Actually, there are advantages in having two physical disks. Let's d say you have a huge video on partition C and want to compress it to a DivX file on partition D. If those partitions are on the same drive it takes at least twice as long, and the heads work like crazy. It's the so-called "butterfly" move where the heads keep going from source to target and back instead of just reading or writing adjacent sectors.
January 12, 2009 10:39:57 PM

It makes sense for media conversion because it has to keep reading and writing almost simultaneously.

My concern is the applications being on one HD and the OS on another one. Do you know anything in particular about that?
a b G Storage
January 12, 2009 11:15:55 PM

No, sorry. I've always kept Windows and the applications on the same partition.

Maybe if the OS and its swap file are on a HD, and the applications on a second HD, you'd get more speed because the swap file and the applications can be accessed at the same time. But then you can just add more RAM so the swap file is not used at all, and you'd get a lot more speed.

Nah, I don't think separating OS and apps will do much. I'm pretty sure it would have a positive impact, but small.
January 13, 2009 9:02:18 PM

Thanks for all the help.

I think one HD for OS and applications + one HD for storing all the media would be the best choice.

If not, I will just buy a 1 TB HD and partition it accordingly.

Any other thoughts?
a b G Storage
January 13, 2009 11:32:01 PM

I read an article about 2TB drives from WD, they're supposed to appear soon :) 
January 15, 2009 10:15:05 AM

Yeah I read about it. Imagine how much money they are going to be though!

I think it's too many eggs in one basket. The HD dies and you lose everything (unless you can recover it by paying $$ or using your skills by swapping the disks)

I'd rather have multiple HDs, work HD and backup HD.
a b G Storage
January 15, 2009 1:00:16 PM

Yeah, same here. I will buy one but I won't keep anything essential on it and I will make backups on DVD+R.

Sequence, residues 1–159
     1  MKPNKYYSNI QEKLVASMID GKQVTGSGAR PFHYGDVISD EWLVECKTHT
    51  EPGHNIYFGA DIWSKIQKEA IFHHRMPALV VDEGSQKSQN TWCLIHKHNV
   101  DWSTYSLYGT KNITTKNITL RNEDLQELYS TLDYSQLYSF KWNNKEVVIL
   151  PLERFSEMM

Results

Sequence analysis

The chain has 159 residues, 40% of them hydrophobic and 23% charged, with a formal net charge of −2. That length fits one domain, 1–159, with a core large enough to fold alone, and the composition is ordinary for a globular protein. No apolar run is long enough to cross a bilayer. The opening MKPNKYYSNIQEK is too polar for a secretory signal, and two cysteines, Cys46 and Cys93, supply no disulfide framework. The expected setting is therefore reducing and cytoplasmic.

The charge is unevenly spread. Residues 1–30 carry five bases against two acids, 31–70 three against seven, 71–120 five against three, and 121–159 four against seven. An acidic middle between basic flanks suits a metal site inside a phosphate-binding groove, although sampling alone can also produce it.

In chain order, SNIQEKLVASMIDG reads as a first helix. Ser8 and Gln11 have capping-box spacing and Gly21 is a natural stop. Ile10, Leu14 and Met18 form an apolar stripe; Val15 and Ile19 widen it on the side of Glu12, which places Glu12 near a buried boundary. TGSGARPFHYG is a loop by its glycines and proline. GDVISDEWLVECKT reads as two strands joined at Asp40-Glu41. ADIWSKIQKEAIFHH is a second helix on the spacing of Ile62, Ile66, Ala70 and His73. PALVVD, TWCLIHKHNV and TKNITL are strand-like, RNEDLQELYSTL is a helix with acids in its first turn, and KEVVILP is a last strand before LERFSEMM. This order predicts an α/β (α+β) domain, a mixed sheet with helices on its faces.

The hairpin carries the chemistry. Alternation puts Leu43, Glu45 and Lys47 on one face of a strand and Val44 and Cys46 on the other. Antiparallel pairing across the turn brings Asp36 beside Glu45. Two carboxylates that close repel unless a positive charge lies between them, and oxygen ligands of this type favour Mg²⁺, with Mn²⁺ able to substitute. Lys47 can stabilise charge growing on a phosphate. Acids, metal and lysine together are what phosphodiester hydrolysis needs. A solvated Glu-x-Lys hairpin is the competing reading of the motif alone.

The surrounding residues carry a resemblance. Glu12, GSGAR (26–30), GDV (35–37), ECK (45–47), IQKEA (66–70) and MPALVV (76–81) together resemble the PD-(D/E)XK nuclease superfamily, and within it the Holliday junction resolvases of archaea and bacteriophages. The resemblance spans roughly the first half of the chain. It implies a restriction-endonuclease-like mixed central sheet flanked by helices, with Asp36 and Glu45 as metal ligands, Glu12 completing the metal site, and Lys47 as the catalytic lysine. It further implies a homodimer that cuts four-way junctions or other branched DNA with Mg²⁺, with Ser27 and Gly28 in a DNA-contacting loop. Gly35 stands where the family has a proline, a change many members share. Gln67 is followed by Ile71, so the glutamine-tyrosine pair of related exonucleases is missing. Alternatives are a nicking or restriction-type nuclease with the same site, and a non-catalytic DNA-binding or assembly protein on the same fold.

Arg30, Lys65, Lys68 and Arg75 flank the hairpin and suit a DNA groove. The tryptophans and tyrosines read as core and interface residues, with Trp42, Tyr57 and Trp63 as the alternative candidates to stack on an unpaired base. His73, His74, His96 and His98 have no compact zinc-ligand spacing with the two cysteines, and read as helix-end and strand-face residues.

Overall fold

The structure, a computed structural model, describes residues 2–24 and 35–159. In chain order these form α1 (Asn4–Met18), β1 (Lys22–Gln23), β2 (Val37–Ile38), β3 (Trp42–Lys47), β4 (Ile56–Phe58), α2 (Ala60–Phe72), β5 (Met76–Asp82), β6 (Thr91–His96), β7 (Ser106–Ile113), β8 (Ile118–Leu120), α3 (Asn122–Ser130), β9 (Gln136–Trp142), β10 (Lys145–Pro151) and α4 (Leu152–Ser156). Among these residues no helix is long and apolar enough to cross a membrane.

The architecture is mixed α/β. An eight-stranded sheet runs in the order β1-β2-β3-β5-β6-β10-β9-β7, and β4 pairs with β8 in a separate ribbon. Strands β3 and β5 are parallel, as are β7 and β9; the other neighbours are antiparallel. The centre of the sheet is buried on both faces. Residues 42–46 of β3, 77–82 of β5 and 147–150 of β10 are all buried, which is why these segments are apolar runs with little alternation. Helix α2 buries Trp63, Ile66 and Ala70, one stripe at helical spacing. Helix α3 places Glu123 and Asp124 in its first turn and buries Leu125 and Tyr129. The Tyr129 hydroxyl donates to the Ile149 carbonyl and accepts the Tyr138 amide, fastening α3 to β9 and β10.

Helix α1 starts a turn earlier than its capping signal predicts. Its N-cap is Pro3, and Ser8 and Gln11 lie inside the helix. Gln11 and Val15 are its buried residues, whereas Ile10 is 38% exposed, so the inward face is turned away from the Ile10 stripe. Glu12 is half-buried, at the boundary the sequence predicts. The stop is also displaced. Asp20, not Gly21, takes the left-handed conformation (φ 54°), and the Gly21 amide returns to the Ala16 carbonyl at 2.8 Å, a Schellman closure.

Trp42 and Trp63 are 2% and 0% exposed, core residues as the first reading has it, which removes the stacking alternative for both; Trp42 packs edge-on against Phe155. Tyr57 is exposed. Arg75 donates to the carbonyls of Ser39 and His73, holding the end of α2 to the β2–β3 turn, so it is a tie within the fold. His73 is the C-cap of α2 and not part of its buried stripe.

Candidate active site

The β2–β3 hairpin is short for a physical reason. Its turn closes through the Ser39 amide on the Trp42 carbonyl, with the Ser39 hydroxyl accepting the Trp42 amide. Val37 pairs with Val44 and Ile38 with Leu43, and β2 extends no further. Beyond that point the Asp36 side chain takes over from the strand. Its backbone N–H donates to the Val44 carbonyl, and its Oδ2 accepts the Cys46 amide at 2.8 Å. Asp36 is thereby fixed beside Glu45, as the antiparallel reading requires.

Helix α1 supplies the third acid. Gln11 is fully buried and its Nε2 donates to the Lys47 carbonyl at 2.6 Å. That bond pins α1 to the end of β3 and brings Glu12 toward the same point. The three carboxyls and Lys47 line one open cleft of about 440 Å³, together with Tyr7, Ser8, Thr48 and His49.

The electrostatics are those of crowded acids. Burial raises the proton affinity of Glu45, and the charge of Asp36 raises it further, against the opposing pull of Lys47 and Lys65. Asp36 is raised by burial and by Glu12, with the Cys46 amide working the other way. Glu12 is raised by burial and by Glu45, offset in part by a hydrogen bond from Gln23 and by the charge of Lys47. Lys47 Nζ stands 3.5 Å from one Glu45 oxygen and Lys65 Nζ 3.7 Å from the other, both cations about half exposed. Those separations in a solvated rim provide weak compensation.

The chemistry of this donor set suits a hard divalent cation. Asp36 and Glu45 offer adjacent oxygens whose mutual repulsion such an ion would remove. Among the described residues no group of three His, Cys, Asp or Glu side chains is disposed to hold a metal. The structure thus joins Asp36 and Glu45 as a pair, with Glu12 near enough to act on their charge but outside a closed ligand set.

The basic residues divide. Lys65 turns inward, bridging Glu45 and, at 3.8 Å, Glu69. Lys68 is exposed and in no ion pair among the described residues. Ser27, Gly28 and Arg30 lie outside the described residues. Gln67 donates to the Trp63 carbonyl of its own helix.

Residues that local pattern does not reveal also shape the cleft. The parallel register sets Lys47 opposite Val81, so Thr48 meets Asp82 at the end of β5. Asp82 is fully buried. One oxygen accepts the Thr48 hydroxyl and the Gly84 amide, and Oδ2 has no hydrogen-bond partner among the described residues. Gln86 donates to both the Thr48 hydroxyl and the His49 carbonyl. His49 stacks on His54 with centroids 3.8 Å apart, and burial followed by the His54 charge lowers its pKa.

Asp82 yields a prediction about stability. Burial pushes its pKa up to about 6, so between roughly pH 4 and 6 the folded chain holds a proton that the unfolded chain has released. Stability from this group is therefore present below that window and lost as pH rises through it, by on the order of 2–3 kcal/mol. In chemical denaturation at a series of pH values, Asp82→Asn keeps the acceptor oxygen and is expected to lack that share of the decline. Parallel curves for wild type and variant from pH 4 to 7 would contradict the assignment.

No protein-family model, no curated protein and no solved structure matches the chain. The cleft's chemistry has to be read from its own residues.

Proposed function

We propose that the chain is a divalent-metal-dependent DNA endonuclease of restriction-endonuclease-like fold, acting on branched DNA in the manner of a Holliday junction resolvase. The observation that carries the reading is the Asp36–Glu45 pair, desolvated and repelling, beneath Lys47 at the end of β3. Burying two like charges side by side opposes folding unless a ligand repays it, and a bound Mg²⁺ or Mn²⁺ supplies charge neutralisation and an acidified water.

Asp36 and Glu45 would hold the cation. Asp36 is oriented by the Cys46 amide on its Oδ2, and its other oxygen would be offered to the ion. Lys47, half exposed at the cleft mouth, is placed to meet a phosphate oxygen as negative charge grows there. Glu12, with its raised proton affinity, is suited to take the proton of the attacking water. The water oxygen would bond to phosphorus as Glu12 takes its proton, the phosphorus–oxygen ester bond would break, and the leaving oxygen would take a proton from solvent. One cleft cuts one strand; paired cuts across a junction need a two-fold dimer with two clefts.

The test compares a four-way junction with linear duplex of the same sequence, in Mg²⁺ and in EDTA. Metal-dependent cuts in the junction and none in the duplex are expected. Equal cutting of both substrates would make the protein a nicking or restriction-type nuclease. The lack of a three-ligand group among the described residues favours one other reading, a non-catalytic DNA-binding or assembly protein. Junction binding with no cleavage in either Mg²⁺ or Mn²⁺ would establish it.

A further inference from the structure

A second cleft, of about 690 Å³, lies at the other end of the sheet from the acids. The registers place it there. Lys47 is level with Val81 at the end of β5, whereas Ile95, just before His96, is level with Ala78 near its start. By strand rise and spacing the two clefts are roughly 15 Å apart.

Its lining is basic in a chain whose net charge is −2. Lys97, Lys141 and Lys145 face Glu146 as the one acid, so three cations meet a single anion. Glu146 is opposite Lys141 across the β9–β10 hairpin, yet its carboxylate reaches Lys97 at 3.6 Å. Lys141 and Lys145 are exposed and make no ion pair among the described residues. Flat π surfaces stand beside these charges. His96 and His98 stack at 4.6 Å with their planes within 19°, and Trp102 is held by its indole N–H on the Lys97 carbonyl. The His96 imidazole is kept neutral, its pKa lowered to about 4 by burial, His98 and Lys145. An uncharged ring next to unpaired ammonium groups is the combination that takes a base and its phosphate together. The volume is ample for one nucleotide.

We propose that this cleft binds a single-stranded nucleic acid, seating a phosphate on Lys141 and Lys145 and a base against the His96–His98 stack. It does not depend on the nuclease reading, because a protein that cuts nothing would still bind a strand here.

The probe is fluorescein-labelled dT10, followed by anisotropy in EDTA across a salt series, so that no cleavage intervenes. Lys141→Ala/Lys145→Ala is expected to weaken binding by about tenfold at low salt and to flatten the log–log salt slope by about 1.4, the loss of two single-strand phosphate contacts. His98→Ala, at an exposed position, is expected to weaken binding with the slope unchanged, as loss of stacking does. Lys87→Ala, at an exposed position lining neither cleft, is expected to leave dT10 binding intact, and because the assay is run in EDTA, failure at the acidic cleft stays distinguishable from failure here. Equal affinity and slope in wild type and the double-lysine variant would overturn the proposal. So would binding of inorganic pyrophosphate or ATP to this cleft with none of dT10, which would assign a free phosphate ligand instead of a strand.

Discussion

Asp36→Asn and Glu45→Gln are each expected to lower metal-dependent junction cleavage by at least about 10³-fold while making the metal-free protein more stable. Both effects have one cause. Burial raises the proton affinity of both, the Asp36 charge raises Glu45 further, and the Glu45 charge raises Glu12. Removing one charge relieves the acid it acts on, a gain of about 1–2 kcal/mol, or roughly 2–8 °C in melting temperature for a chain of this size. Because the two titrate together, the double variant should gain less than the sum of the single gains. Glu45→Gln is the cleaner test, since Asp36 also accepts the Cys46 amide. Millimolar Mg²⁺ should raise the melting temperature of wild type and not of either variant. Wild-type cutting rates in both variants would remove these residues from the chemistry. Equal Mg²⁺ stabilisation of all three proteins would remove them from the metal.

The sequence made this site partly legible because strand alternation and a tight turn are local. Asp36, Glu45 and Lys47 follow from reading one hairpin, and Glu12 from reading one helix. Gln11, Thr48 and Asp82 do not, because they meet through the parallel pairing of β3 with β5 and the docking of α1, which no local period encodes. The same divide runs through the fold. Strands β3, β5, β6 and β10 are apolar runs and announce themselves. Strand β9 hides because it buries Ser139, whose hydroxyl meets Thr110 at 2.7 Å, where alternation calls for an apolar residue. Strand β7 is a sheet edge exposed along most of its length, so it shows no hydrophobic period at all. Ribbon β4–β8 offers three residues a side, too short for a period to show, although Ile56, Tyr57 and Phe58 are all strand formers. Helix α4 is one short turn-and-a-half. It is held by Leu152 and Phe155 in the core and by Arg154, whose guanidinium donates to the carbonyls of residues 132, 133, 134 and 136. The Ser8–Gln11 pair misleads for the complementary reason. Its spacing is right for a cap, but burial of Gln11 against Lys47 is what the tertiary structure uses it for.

Rumors have it that the price will be around $240. That's excellent, if true, considering that a 640GB is $80.
March 7, 2010 8:06:22 AM

Hi Avem, I am having the same idea you had in Jauary of 2009. What did you finally decide to do and how has it worked for you?
Thanks Karl
March 7, 2010 8:11:22 AM

xsever said:
Yeah I read about it. Imagine how much money they are going to be though!

I think it's too many eggs in one basket. The HD dies and you lose everything (unless you can recover it by paying $$ or using your skills by swapping the disks)

I'd rather have multiple HDs, work HD and backup HD.

Hi xsever, I think I replyed to Avem and not you by mistake. I am in same situation as you were when you started this string. What did you finally decide to do and how has it worked out for you. Thanks Karl
March 7, 2010 5:48:31 PM

I have found with Windows OS, that while you can install programs on a seperate drive, the programs still install some of it's files on the C: drive. It does not really give you any performance inprovement.

I have found that media and data are best stored on a 2nd HD, not a 2nd partition. If you are looking for data security on a running system look into use 3 drives, 1 for OS and programs, and 2 in RAID 1 (mirror) array. This way if one drive fails, the 2nd drive will still have 100% of the data intact. Replace the 1 failed drive, and you are now backup and running with 2 drives containing the exact same information.

More motherboards are now coming out with RAID as part of the basic motherboard. Drives are now much cheaper than ever, and you can have more peace of mind that you won't loose your precious data.